Joined: 18 Feb 2007
|Posted: Thu Aug 30, 2007 2:01 pm Post subject: New Orleans Benefiting at the Expense of the Other States?
|New Orleans Benefiting at the Expense of the Other States?
Now that the second anniversary of Katrina has come and gone, one question continues to go undeservedly unanswered: “Is New Orleans and the State of Louisiana unconstitutionally benefiting at the expense of the other States?”
All moneys, now and over the past two years, being pumped into New Orleans must be cut off for this one reason, if for no other: “All moneys being sent to that place out of the public treasury is unconstitutional!”
There is absolutely nothing in the Constitution that can be construed, or that can be construed so as to even remotely suggest, that the Congress has the power to bail out a city or a State that makes bad choices—be it financial, legislative or just bad judgment as to where to build and develop a city.
As for the levees, the Federal government is categorically prohibited by the Constitution from building any such structures within the jurisdiction of any States.
Keep in mind that our Federal government does not have broad discretionary powers. It was deliberately created and instituted to have only limited and enumerated powers; and, the only legitimate powers that it has are those that were constitutionally given up by We the People and our States.
To make this clearer, let’s look at the denied power to build canals! The Power to build canals was categorically denied because of its deliberate omission from the constitution, to wit, September 14, 1787, in convention:
“Docr FRANKLIN moved to add after the words “post roads” Art I. Sect. 8. “a power to provide for cutting canals where deemed necessary”
What is unquestionably being said here is that such a power would not be for the General welfare of the Union—but for the individual welfare of only those States and territories in the vicinity of the canal. Therefore such a power is inappropriate! This also provides clarity as to the “true” meaning and proper construction of the words “General welfare” in the Constitution (of which there are more examples throughout the convention.) Therefore, the proposed power was overwhelmingly negatived and lost (with eight States against and only three States in favor,) and so does not appear as an enumerated power in the constitution.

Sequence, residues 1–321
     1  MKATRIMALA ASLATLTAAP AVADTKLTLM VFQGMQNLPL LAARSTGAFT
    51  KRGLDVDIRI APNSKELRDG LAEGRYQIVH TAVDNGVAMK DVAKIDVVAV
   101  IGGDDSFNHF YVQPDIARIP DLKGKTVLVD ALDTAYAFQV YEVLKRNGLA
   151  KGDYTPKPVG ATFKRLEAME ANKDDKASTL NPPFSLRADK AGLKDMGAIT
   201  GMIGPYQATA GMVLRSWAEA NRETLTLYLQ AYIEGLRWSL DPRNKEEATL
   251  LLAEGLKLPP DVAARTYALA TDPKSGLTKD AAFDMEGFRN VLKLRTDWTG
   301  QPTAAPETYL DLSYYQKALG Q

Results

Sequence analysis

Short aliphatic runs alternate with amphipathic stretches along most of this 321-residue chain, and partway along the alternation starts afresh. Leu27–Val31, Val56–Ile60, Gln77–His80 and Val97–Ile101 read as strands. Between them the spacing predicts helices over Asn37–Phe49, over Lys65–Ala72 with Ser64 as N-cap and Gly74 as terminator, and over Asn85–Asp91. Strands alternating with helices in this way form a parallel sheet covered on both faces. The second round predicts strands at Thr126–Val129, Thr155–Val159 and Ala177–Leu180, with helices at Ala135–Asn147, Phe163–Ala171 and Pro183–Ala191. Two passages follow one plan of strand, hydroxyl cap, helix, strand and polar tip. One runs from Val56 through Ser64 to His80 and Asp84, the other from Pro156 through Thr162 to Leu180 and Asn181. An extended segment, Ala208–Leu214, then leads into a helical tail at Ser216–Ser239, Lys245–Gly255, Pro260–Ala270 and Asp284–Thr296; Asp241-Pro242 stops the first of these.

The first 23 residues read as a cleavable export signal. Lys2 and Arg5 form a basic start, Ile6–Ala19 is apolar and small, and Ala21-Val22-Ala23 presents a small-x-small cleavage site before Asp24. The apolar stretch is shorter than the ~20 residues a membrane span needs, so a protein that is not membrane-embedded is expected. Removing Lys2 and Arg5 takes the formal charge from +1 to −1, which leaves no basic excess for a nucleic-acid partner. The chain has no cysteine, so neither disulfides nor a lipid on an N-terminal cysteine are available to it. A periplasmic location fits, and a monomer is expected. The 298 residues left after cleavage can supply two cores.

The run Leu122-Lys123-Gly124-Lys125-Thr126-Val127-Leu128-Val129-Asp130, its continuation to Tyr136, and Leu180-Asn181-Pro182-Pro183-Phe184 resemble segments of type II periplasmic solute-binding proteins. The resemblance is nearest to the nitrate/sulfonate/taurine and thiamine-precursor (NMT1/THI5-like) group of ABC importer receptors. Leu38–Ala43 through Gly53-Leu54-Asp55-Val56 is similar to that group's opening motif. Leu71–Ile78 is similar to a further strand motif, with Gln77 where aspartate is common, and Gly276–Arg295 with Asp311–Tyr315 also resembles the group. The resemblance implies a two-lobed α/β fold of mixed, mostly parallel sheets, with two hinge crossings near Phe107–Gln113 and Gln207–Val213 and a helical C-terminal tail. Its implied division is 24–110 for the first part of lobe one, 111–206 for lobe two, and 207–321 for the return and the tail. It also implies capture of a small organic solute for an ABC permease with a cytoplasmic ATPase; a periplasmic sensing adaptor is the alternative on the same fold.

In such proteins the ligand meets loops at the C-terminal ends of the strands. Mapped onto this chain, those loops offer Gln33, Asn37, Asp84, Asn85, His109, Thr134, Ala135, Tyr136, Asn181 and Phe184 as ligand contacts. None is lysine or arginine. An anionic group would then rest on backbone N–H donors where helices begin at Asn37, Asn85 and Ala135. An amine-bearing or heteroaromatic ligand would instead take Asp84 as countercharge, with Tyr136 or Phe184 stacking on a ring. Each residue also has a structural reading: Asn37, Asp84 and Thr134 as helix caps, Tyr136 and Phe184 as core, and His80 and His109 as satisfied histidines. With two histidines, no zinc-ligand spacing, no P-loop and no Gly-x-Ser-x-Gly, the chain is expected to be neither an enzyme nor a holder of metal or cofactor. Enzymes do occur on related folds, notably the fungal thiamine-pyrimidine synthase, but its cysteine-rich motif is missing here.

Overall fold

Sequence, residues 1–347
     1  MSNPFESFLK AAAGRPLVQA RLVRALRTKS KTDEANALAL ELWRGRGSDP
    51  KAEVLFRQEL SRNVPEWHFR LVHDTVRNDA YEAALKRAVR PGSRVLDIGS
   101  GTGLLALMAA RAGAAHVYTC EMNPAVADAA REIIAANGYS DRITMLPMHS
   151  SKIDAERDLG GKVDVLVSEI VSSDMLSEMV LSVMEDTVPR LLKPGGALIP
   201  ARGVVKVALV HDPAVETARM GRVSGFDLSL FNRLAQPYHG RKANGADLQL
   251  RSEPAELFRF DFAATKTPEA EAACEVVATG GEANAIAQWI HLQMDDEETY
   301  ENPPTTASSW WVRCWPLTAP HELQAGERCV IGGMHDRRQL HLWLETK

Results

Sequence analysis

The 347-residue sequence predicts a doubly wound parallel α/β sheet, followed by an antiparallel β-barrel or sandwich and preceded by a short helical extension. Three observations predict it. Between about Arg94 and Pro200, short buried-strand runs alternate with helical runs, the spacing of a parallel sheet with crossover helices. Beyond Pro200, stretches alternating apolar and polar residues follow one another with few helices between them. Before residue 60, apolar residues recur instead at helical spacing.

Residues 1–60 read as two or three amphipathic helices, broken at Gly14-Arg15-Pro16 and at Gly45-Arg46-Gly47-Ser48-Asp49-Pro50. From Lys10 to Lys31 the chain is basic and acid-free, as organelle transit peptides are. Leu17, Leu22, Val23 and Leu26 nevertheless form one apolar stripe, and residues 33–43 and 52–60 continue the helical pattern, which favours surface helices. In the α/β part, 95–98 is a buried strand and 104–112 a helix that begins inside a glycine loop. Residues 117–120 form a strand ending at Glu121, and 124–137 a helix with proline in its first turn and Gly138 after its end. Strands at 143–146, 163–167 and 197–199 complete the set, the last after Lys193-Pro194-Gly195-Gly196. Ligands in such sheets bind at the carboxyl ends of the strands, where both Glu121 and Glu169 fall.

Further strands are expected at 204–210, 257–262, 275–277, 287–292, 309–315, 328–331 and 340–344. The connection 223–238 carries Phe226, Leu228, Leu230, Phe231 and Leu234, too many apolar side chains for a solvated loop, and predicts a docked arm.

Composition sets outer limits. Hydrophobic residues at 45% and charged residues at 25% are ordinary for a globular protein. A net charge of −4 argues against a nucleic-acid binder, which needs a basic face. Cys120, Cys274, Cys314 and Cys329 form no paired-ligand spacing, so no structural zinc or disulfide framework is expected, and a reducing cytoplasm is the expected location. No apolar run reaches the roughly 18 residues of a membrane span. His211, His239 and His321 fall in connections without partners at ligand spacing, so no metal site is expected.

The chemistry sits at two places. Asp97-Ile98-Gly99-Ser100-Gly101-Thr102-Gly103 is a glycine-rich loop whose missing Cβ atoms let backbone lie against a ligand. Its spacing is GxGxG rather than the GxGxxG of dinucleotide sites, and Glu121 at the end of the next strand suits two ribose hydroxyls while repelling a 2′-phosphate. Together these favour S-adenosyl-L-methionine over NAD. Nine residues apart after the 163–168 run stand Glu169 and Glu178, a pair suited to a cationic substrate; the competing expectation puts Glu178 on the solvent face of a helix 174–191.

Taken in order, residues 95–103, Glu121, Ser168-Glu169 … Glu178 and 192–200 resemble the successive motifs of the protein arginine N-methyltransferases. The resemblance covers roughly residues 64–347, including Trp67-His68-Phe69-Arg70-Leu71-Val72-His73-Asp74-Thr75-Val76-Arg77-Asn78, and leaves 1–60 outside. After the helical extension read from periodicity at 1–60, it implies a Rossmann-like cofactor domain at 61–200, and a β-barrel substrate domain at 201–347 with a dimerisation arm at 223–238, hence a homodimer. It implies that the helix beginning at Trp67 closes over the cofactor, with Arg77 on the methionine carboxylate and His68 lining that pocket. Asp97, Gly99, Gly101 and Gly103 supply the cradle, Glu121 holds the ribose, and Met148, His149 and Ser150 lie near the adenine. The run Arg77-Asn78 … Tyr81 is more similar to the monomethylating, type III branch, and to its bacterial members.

“Mr. WILSON 2ded the motion"
“Mr. SHERMAN objected. The expense in such cases will fall on the U. States, and the benefit accrue to the places where the canals may be cut."
“Col: MASON was for limiting the power to the single case of Canals.”
“The motion being so modified as to admit a distinct question specifying & limited to the case of canals,
“N. H. no. Mas. no. Ct no. N. J. no. Pa ay. Del. no. Md no. Va ay. N. C. no. S. C no. Geo. ay.
So, then, where is it in the Constitution that the Congress was given the power to build levees? As with the power to cut canals, you will discover that it is nowhere to be found; nor, can any such legitimate power be construed or suggested from any of the enumerated powers given up by the People and the States to Congress. And, since no such power was given up to Congress, that power must, then, still reside wholly in, and with, the States.
We the People of the other several States should be outraged; not only because the Congress is acting in such a blatantly unconstitutional manner—usurping powers never given up and still reserved to the States—but, also because these usurped powers are being used for purely selfish reasons at our expense; by factions exploiting these unconstitutional measures, for the want of only political advantages and gains, promoting and flaunting such measures as though that which is being perpetuated by them, and paid for out of the pockets of all the People, is somehow a legitimate and proper object of the Federal government, which it is plainly not!
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